It is really interesting and I think buy now, pay later is a fascinating segment of the FinTech experience. And I really think that COVID happened ironically at the right time with buy now, pay later to kind of propel forward and have massive adoption and growth as people swiftly moved online and especially following a lot of the kind of Gen Z and millennial trends of avoiding credit cards because their parents got burned on credit or are afraid of credit. And now you're off at college and you can no longer walk up to the table on campus and get a credit card and a free T-shirt, buy now, pay later solutions really have enabled that whole generation to really provide them with a buying and spending power with very little details needed to get started.
So, it's an interesting trend and we're exploring what demand will be like with WooCommerce Payments. To be honest, haven't heard a ton from the market about folks wanting it within the WooCommerce Payments experience, but we do have the solutions right now in the marketplace to live on alongside of it. So, highly encourage folks if they're interested to explore the best buy now, pay later solution that's meant for them. And I think that's also the other challenge is now the market's getting very saturated and the challenge is which one is right for me. And it comes down to many factors, right? From cost to even regional support. What's a good player in the region that I live in to even what is the best kind of payment method, call it a payment method for the type of product that I sell, right? Like whether it's a higher-priced electronic, or let's say, I make really expensive furniture. Any of those types of things, they're some better suited for that than others. But great question.
Robbie: Well, while we're talking about those, what about crypto? Is that in any of the plans? Crypto currencies or no?
Britni: It's not as of right now. Yeah, no plans for that. That's an ever-changing beast as well. I invested in a few myself and it's been fun to ride the wave and then the wave crashed and I was like, "Well, I'm just going to get out of that." But yeah, no plans as of yet. I think it's still a little bit of an unknown space and with WooCommerce Payments and how we built it, we've partnered with Stripe to build a Power BI solution here with Stripe on the backend. And so, I think if that comes to market within Stripe and our partners, then I think it's something we'll explore more fully. I always joke with my colleagues too. Yeah. I joke with them that I'm going to start a payment method and call it Britni Pay and that'll come out at some point as well.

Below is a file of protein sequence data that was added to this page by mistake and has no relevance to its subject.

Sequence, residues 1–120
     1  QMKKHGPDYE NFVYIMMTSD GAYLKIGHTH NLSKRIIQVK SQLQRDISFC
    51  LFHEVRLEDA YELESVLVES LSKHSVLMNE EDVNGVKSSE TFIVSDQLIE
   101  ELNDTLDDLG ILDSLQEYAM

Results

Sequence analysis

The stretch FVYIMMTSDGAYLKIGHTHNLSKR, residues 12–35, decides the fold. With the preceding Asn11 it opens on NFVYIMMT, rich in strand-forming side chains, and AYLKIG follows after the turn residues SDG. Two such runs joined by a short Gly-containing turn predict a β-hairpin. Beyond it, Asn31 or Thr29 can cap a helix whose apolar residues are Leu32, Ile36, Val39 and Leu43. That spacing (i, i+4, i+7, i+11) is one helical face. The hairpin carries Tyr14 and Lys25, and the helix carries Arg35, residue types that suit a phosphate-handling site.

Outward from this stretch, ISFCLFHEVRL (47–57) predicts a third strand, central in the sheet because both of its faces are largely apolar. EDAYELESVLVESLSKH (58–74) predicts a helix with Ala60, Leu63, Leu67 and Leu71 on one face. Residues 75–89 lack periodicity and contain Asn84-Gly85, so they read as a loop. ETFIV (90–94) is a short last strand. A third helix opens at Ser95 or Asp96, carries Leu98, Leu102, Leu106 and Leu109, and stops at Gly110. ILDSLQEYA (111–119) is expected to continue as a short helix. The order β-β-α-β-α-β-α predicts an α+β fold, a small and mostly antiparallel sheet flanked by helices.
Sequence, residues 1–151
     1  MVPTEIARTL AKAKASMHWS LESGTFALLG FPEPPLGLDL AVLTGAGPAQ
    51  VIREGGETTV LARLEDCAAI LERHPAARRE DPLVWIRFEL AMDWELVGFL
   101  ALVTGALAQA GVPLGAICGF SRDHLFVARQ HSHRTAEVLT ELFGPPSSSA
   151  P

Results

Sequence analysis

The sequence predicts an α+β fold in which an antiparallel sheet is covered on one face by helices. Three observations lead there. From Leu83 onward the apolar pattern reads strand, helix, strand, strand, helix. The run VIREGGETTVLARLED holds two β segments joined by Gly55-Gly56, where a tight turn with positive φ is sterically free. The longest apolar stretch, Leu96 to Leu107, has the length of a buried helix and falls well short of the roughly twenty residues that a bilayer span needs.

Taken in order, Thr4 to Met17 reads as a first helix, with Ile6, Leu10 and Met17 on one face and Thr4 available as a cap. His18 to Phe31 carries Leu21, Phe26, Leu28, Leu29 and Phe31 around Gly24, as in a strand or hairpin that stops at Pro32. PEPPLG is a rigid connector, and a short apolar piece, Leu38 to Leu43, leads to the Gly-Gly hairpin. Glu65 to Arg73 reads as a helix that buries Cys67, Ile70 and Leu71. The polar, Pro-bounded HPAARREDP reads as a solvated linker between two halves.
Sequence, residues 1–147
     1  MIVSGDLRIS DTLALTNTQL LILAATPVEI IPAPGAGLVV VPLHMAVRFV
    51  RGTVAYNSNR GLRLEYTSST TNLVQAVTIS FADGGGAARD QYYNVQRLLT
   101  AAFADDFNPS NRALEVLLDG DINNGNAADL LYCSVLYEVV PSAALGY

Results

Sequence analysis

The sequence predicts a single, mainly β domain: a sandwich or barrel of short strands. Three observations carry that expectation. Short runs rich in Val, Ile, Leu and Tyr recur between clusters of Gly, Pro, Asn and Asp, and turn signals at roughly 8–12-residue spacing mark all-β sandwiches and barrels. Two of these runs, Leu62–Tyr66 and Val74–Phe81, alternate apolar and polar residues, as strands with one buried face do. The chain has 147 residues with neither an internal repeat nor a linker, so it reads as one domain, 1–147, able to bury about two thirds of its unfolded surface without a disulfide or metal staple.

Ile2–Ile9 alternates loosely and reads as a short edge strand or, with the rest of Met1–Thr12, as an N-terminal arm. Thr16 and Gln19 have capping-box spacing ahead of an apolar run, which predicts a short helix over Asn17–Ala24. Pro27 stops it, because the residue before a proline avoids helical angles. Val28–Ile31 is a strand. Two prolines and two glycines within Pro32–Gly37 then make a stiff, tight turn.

Ronald: That sounds good as well.
Robert: So that's the curious thing about all the payment methods and all that. And maybe this is just really crazy pie in the sky, but in my head, I could see Woo Payments being its own financial institution and instead of working with a Stripe or an Affirm or whatnot, actually setting its own rules and then having more flexibility especially internationally with how things are done. And I'm sure that's not on a six-month timeline, but I'm curious if that's maybe part of internal discussion or something that's going on or at least has been maybe thrown up in the air.
Britni: Yeah. We've definitely seen with other players in the ecommerce space, them offer more financial tools for their merchants and even for their customers, right? So we've seen what that looks like and how that's changing. And then I feel like every day I read TechCrunch and there's some either B2B payment solution or B2C, interesting payment method in Asia or something along those lines. So, it's moving so swiftly, it's often hard to keep up, but I think for us, at least the position that we're focused on as of right now is how can we scale WooCommerce Payments to these relevant markets, offer payment methods that are needed in these markets and then simultaneously offer them the solutions to run their business? So, whether that's financing, capital, whether that's buy now, pay later solutions, whether it's kind of using a tool like Wayflyer to get capital and then spend on ad spend and inventory. We're exploring all of those things.